They also visited schools and teacher training colleges and freely interacted with the learners and the teachers. The teachers also had lectures by experts on topics such as Engaging and Supporting All Learners; Leadership in School; Development Education; Making the Classroom a Place for all Learners and the Importance of Digital Education.

Teachers and their Irish counterparts in Ireland.

What Others Say

Frank Manyindo Mugene, Ntare School

The most exciting moments were those when we attended a lecture and we were shown a film of a class in primary that is taught philosophy. The children’s indiscipline could be well handled between the headteacher and the children and they would become repentant and change for the better. The other aspect I enjoyed was the integration of technical training in schools. The science laboratories are well-equipped, teachers teach and the students learn with the help of iPads. We need to integrate technology in our teaching, especially of science subjects. I am going to advocate integration of technology in the teaching of science because some parents can afford it.

Sr Gladyce Kachope, headmistress, Immaculate Heart Girls SS, Rukungiri

The trip has been so enriching. I have learnt that the curriculum in Ireland is mostly vocational and generally inclusive. Every type of learner is catered for. The learners and nationals are well-sensitised about sustainability of the environment. No learner is too dense to learn. They are serious, aware of their careers and are working hard to attain them. I will continue to encourage teachers to effect the revised lower secondary curriculum and engage in career guidance for students right from Senior One.

Rose Moiti, headmistress, Busesa Mixed Primary School, Iganga

Their reward system is excellent. They take every child as an individual and each child is given marks in whatever skills he/she is good at. When I return, I will meet the teachers, the school management committee and parents to plan for a better school.

Susan Okello, headmistress, Kotido Mixed Primary School

I liked how they teach mathematics. They use simple techniques like tossing an object with numbers and the learners discuss. So, teaching Maths becomes a play thing, not the difficult way we teach it here. They also use a lot of technology in teaching. We shall see how to buy a few iPads using part of the money for scholastic materials so we can start computer literacy.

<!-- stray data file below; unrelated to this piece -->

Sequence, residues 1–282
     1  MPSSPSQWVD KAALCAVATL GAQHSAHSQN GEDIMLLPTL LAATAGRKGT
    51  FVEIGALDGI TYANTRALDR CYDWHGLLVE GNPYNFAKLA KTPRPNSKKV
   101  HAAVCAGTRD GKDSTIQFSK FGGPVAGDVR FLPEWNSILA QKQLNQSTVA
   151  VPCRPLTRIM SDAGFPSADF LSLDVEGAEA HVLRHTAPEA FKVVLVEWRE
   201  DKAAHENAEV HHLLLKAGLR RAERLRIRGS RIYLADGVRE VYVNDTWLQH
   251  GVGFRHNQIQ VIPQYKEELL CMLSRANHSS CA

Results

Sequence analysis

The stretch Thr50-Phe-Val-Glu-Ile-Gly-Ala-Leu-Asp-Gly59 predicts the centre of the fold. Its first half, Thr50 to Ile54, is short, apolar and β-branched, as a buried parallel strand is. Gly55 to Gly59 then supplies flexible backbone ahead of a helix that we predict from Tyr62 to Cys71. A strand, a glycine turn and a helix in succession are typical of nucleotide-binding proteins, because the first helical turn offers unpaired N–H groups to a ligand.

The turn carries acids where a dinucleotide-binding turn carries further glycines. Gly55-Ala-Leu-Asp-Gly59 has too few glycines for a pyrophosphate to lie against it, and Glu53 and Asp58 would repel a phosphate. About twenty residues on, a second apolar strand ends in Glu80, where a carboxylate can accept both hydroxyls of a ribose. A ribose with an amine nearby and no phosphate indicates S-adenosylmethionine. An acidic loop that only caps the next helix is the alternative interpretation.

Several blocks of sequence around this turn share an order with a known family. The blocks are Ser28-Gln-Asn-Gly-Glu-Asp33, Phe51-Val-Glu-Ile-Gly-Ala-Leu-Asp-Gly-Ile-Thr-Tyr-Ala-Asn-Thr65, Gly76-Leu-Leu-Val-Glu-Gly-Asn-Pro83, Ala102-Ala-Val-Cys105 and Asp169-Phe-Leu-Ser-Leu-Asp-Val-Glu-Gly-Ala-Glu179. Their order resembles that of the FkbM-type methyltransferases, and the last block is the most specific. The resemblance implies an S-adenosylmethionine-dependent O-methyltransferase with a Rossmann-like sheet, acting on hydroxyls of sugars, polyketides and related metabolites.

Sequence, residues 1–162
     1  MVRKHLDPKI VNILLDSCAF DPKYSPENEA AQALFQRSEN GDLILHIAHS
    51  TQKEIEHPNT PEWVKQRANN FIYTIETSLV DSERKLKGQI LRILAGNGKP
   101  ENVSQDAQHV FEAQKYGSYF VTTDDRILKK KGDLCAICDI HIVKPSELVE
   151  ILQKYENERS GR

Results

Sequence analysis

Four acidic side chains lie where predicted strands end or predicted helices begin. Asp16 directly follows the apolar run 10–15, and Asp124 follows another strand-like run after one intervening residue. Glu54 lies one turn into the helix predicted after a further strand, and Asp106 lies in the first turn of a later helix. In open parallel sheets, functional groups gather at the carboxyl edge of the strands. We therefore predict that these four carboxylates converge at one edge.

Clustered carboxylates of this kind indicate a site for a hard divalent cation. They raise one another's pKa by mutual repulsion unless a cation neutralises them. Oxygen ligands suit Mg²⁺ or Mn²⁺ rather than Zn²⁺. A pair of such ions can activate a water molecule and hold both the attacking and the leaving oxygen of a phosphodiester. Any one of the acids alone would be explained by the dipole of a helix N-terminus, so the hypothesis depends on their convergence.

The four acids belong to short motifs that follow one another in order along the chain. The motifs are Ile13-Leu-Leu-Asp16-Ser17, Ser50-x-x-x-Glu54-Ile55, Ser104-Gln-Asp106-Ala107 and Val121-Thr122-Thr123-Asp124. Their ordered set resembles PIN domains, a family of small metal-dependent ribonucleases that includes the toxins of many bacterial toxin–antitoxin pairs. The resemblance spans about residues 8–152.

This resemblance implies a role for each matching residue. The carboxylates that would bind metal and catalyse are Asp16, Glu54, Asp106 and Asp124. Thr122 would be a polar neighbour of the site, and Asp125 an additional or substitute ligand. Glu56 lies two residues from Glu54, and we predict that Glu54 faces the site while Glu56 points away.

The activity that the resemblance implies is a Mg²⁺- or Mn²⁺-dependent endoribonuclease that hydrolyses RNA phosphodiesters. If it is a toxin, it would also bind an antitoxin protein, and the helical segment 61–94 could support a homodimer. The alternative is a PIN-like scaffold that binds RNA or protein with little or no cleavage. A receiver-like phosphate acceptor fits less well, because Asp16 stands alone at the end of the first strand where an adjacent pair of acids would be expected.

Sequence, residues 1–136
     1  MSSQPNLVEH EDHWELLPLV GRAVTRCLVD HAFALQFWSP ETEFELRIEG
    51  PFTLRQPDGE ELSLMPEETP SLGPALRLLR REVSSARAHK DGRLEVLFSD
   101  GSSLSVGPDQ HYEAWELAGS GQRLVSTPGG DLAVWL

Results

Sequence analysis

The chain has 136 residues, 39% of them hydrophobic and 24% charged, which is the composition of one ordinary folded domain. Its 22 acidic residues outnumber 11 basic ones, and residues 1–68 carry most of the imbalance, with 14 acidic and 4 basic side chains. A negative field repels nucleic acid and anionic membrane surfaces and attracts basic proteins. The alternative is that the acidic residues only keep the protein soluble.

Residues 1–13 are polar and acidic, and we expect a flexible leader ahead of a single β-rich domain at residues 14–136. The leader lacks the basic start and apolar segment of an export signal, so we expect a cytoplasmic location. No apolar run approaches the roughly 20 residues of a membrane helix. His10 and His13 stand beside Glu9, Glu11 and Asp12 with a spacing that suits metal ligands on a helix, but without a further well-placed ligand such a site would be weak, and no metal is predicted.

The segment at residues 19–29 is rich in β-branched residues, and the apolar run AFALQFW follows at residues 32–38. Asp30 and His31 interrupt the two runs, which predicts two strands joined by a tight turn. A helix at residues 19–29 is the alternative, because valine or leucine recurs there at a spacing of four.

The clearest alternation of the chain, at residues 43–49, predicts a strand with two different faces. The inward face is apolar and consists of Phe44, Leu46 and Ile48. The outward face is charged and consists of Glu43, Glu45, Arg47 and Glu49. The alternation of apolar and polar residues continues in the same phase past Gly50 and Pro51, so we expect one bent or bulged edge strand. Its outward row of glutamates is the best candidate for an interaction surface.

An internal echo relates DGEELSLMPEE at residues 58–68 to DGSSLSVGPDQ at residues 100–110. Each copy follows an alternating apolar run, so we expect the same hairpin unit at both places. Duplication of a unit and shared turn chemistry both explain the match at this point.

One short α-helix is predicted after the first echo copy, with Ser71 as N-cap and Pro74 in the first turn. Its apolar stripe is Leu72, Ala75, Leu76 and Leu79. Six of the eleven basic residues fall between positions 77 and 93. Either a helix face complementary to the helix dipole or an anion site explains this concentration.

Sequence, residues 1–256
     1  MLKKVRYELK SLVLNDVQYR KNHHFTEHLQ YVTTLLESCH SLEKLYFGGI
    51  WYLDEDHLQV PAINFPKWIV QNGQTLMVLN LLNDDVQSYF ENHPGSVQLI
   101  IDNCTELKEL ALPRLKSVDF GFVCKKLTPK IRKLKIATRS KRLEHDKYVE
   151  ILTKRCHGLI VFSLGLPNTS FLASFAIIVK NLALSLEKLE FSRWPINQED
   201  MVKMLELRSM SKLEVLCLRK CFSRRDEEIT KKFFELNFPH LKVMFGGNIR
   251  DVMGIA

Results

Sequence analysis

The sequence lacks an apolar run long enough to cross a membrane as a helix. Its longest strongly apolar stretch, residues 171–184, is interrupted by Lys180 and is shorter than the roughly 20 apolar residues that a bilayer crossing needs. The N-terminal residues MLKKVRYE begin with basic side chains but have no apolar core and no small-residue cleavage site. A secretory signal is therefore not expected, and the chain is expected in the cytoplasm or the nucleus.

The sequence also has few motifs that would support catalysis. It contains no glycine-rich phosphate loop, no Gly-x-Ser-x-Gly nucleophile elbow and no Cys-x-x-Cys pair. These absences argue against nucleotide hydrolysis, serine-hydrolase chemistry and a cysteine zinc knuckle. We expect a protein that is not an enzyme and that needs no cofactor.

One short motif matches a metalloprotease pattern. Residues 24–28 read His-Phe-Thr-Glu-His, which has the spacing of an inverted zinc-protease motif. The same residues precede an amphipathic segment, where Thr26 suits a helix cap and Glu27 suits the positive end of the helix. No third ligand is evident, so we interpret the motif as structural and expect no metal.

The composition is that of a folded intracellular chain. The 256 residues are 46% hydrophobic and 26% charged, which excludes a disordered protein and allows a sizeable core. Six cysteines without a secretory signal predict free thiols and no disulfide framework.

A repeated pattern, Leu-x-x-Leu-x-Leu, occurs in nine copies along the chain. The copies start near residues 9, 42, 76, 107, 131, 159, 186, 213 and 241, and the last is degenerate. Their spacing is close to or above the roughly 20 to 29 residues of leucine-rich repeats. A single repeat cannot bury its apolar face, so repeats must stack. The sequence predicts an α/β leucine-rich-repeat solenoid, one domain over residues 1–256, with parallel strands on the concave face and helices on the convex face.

Raymond Kigongo, St. Joseph’s SS, Nkooko

What was of great interest was how learners are clustered into manageable groups to make learning more effective. Secondly, they use a lot of technology in teaching. I will apply the many innovations I picked from the trip to benefit my students. The use of technology is especially very effective for large classes. Sr

Prossy Nantege, headmistress Kalas Girls Primary School,

Amudat I was so impressed and admired the use of technology in their classrooms. I wonder when we shall reach that stage! The teachers handle the learners very delicately. I’m going to improve on that and also inform teachers to continue loving, caring, listening and giving enough time to all learners so as to support them in all aspects.

Juliet Tracy Nansubuga, formerly of Gayaza High School

The class-based assessment at their Junior Cycle was insightful. It answered quite a number of questions that are of a great benefit to our new curriculum. I learnt that playful learning is crucial for the physical, social, cognitive, emotional and creative development of a child. It can also be applied at the secondary level. We need to bring the world to our classrooms, i.e engage the learners actively in their community activities, special days and celebrations, such as Independence days

Norah Anyait, Chepkararat Primary School, Amudat

The teachers are creative in managing their learners. They use child-centred approach in their classrooms and the children are grouped appropriately. I have learnt something about supporting my children, especially in early grade reading, which I will apply so as to improve on the performance of my students.

Samuel Abong, Naitakwae Primary School, Moroto

I like the commitment of the teachers in their work. They group learners in manageable numbers and teach in a digital environment. The teacher-pupil relationship was superb. I will conduct staff meetings and also engage the school management committees and the PTA to see how to implement the ideas I have learnt.